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OpEdNews Op Eds    H2'ed 4/15/19

Yellow Vest Movement Struggles to Reinvent Democracy as Macron Cranks Up Propaganda and Repression

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Breaking Parliament Square shut down by yellow vests
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Reprinted from by Richard Greeman

After five months of constant presence at traffic circles, toll-booths and hazardous Saturday marches, the massive, self-organized social movement known as the Yellow Vests has just held its second nationwide "Assembly of Assemblies." Hundreds of autonomous Yellow Vest activist groups from all over France each chose two delegates (one woman, one man) to gather in the port city of St. Nazaire for weekend of deliberation (April 5-7).

After weeks of skirmishing with the municipal authorities, the local Yellow Vests were able to host 700 delegates at the St. Nazaire "House of the People," and the three-day series of general meetings and working groups went off without a hitch in an atmosphere of good-fellowship. A sign on the wall proclaimed: "No one has the solution, but everybody has a piece of it."

Their project: mobilize their "collective intelligence" to reorganize, strategize, and prolong their struggle. Their aim: achieve the immediate goals of livable wages and retirements, restoration of social benefits and public services like schools, transportation, post offices, hospitals, taxing the rich and ending fiscal fraud to pay for preserving the environment, and, most ambitious of all, reinventing democracy in the process. Their Declaration ends with the phrase "government of the people, by the people, and for the people." I often wonder if they know who coined it.

Yellow and Green Unite and Fight

Particular attention was paid to the issue of the environment, reaffirming the popular slogan: "End of the week. End of the world. Same logic, same struggle." (It rhymes in French.) The Assembly went further and called on "All persons who wish to put an end to the expropriation of the living to take up a conflictual stance against the present system in order to create, together, a new ecological, popular social movement."

This shows growth from the original Yellow Vest uprising which began as a protest against a hike in taxes on Diesel fuel imposed in the name of the "saving environment." (Less well known is that only 17% of that tax was actually earmarked for the environment. In any case, Macron rescinded it in an early attempt to pacify the movement). Since then, the Yellow Vests have tentatively converged with the environmental groups, whom many poor and working-class Yellow Vests can't help seeing as bourgeois on bicycles wanting to be nice but unwilling to struggle directly against the establishment.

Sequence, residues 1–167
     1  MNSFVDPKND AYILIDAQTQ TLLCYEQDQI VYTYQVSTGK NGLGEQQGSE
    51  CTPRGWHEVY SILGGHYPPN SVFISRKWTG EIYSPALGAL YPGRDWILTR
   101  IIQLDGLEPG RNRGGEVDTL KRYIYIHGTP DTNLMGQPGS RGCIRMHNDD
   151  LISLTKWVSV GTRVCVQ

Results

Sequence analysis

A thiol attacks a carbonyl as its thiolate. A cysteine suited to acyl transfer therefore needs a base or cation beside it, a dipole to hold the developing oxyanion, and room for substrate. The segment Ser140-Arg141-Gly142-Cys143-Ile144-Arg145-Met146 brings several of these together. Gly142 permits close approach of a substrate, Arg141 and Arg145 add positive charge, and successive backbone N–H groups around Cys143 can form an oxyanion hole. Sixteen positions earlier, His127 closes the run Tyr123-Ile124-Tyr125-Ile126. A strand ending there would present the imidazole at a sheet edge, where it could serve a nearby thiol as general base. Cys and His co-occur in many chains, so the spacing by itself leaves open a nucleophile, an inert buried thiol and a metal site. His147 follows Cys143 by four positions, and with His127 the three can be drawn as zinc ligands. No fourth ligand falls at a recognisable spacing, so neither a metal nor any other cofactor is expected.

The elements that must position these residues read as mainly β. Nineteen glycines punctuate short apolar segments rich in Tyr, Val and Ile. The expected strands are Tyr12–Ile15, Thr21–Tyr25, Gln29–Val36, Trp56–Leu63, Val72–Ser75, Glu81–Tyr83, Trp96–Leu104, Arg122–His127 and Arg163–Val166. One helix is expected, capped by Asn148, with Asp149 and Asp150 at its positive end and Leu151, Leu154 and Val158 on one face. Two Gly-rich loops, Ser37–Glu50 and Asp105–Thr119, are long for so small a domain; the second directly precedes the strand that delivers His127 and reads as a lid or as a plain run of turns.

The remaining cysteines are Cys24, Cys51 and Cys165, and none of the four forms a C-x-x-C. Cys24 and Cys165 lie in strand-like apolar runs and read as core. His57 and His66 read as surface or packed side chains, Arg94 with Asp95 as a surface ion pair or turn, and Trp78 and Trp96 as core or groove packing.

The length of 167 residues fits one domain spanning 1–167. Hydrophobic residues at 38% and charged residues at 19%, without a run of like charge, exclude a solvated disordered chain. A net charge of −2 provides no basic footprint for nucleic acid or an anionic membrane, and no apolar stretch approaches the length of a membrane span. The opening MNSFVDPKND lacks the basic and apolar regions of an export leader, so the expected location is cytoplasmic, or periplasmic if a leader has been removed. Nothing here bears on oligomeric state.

So their call for unity is also in part a challenge to the environmental movement: "join us in the struggle for social equality and be ready to fight the whole system." Brilliant! Who said an unstructured autonomous movement of ordinary, not well-educated people, could not come up with strategies and tactics? Psychologists explain that this "wisdom of crowds" emerges whenever people are on an equal footing and free of constraint. It grows through experience. And discussion. A dialectical process leading to its emergence. "No one has the solution, but everybody has a piece of it." This was the basis of direct democracy in Athens, from which the Yellow Vests have also borrowed the idea of choosing representatives by lot.


The Assembly of Assemblies reaffirmed the Yellow Vest founding principle of keeping clear of political parties. Also of leaders. To my mind this is a genius stroke. Every popular mass movement I have participated in over the past 60 years has been co-opted by the establishment (or crushed). Leaders set up an office, they try to raise money and gain access to power, end up compromising; they treat the rank and file activists like a mailing list and the power and dynamic of the mass movement melts away,- like the Nuclear Freeze which once mobilized millions. Eventually, Democratic Party lures them. Here, the Socialist Party swallowed SOS Racism, the embryo of a much-needed Civil Rights movement here in France.